Final Thoughts

Final Thoughts

Written by John Packard

Memorize these words, “carbon border adjustment tax,” as they are being mentioned in the Senate Budget Committee, which is working on the $3.5 trillion reconciliation package the Senate advanced on Wednesday. The idea proposed would “account for the cost incurred by U.S. businesses to comply with laws and regulations limiting greenhouse gas emissions,” based on a fact sheet issued by Senator Coon’s office.

According to World Trade Online, “Coons’ bill runs parallel to the European carbon tax proposal. European officials have said they aim to have a carbon border adjustment in place by 2023.”

Decarbonization, carbon border adjustments, carbon offsets, ESG, Scope 1, 2, and 3 will all be discussed at this year’s SMU Steel Summit Conference. For the first time, you can participate and enjoy the conference from the comfort of your home, office or live and in-person in Atlanta (hybrid event). You will be able to live stream the speakers, network with those online or who are at the GICC, participate in live Q&A and polling, or watch the segments you wish to view on an on-demand basis. You can learn more about our program, speakers, attending companies, costs to attend (virtual or in person), and how to register by clicking here.

coils2Those responding to our request for market information this week were mostly united in their belief that the pace of steel price increases had moderated, but weren’t necessarily over. I used the word “mostly” on purpose as there were comments made which indicated a belief that prices have plateaued, and we had one large end-user who advised they were getting quoted lower hot rolled pricing.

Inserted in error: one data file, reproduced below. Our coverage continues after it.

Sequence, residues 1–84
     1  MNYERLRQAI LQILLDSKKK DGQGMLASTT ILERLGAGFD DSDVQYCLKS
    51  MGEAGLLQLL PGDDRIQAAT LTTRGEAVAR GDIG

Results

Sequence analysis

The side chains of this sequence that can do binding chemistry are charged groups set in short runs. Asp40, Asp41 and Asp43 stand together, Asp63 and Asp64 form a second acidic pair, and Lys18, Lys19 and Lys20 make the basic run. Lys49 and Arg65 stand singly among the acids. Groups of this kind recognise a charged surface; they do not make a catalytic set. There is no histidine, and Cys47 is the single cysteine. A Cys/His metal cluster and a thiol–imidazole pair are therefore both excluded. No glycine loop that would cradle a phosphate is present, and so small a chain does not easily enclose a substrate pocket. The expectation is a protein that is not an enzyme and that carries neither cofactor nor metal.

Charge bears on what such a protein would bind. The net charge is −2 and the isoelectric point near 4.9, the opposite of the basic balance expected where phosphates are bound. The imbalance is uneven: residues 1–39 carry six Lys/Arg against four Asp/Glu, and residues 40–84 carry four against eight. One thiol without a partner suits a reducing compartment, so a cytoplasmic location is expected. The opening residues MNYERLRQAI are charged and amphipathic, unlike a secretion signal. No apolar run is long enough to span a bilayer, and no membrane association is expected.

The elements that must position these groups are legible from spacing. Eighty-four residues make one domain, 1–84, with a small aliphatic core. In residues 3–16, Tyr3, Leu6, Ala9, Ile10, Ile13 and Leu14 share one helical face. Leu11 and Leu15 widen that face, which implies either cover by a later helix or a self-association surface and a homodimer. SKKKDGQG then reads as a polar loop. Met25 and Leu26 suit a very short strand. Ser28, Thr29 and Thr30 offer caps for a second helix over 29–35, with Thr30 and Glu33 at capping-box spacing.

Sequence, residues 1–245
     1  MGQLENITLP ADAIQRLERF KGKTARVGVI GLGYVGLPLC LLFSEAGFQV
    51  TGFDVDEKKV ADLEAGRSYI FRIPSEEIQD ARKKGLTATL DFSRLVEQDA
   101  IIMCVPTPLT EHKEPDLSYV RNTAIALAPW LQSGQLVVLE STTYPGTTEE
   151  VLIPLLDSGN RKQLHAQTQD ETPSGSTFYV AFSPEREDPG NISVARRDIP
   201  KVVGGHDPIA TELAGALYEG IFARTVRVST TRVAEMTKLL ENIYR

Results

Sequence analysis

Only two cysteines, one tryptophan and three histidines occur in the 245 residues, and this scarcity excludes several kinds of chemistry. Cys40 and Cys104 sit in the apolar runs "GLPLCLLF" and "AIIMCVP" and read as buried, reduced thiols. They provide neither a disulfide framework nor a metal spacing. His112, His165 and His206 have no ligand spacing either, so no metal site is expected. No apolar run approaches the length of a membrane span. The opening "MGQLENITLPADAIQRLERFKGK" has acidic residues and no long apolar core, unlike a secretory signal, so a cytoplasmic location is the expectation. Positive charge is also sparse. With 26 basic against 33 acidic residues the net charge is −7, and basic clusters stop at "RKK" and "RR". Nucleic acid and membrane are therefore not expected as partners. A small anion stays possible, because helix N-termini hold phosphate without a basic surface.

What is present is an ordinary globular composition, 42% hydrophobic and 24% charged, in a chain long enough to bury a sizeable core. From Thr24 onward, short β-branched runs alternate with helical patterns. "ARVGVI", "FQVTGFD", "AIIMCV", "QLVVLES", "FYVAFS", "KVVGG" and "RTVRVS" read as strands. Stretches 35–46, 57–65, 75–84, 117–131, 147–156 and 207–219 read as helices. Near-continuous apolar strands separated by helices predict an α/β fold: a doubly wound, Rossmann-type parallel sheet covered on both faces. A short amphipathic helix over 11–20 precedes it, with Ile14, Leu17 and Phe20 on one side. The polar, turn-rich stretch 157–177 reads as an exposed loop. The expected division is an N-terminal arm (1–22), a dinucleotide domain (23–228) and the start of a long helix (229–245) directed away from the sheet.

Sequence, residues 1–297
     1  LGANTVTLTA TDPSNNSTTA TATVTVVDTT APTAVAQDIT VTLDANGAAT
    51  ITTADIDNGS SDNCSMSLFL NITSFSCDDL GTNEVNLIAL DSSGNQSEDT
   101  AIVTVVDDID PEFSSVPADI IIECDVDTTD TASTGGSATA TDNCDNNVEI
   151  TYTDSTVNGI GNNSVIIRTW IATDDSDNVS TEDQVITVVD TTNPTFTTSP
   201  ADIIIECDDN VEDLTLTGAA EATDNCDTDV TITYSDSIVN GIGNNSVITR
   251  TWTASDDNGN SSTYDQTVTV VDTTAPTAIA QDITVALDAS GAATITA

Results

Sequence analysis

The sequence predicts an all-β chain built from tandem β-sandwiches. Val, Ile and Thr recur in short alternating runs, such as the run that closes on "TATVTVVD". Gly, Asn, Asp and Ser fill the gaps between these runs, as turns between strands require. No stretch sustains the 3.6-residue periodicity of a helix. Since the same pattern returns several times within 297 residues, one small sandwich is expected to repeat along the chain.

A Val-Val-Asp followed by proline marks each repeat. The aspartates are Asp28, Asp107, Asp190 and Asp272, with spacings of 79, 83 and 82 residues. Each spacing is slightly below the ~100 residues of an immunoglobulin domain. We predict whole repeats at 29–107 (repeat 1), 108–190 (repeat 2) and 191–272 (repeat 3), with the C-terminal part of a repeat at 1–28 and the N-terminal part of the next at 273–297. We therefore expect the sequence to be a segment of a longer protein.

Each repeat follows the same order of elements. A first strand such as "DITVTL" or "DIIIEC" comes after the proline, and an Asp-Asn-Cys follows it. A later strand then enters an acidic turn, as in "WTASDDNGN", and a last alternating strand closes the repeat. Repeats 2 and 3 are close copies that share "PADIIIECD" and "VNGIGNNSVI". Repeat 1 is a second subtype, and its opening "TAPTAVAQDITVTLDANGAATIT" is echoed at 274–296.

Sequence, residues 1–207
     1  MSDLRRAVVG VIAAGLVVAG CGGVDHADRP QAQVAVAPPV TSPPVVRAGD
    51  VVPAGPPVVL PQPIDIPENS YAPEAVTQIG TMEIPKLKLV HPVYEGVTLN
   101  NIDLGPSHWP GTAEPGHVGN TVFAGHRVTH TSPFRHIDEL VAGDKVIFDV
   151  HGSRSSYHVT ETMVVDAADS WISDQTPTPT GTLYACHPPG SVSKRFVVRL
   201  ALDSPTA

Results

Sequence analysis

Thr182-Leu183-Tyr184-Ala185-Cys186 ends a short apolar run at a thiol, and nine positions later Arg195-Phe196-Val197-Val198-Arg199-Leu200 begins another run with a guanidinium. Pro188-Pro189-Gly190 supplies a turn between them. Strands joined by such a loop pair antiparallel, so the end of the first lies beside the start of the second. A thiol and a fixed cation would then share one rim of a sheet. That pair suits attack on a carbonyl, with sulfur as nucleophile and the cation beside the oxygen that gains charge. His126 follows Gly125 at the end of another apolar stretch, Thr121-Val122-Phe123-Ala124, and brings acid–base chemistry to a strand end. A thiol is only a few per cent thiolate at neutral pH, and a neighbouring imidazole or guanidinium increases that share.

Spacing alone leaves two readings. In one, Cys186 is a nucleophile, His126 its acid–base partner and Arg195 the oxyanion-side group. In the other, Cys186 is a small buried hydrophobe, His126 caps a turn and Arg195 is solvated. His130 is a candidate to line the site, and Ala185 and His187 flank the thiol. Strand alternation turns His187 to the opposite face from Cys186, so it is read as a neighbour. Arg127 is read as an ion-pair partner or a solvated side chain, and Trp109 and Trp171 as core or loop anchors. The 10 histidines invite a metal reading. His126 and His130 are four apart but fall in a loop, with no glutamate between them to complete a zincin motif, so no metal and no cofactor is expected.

One service center steel buyer told me, “Pricing has plateaued…Lead times [on hot rolled] are in mid-September to early October. This puts lead times at 4-7 weeks, not 10.” This buyer went on to say, “The steel mills are resolute that we are headed to $2,000 hot rolled. I’ve not bought into that. [I am] waiting for more evidence on [service center] inventory build.”

Another service center executive, when asked if the market was changing, opined, “Not sure how long this march upwards is going to last, if automotive doesn’t start picking up, but I think the mills are banking on upcoming outages to offer stability.  With capacity utilization high, mills catching up, input costs relatively stable, and more spot opportunities out there, I believe we’re going to see soon if we have true demand or if companies are over-forecasting just so they can stay in supply.”

A third service center, when asked if they were seeing any increase in spot or contract tons from their mill suppliers, told us, “Increase in spot availability from integraded mills. No increase in contract tonnage availability.”